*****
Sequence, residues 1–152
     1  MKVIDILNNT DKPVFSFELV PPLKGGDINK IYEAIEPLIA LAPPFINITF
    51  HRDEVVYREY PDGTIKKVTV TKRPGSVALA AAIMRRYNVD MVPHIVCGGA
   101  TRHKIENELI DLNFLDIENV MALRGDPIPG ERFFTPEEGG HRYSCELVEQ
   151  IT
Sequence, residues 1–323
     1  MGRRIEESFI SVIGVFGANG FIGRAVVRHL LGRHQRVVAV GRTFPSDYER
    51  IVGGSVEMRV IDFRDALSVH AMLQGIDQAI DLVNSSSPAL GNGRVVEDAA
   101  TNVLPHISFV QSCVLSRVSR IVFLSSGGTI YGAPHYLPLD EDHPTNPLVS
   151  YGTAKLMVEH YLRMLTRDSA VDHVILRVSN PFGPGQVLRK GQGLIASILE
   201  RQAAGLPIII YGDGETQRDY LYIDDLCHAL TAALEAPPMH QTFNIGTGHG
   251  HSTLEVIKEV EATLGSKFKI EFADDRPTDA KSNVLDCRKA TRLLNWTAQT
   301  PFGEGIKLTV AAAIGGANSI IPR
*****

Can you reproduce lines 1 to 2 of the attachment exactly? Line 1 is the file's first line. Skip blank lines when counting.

Sequence, residues 1–152
     1  MKVIDILNNT DKPVFSFELV PPLKGGDINK IYEAIEPLIA LAPPFINITF